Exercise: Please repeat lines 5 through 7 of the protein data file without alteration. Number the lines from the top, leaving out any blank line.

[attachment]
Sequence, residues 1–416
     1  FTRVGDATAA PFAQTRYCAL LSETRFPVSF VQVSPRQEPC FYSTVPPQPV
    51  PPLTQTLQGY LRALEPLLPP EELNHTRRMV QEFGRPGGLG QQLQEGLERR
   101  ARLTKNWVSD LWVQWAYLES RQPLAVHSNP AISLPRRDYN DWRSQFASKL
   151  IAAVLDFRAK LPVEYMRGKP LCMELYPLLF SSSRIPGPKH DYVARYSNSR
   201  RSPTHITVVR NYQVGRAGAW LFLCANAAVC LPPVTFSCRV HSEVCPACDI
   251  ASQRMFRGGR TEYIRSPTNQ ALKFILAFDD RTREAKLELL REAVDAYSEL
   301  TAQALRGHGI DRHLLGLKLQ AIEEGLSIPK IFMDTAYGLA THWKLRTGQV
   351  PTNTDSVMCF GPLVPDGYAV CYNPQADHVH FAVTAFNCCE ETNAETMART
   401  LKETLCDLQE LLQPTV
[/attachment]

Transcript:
   151  IAAVLDFRAK LPVEYMRGKP LCMELYPLLF SSSRIPGPKH DYVARYSNSR
   201  RSPTHITVVR NYQVGRAGAW LFLCANAAVC LPPVTFSCRV HSEVCPACDI
   251  ASQRMFRGGR TEYIRSPTNQ ALKFILAFDD RTREAKLELL REAVDAYSEL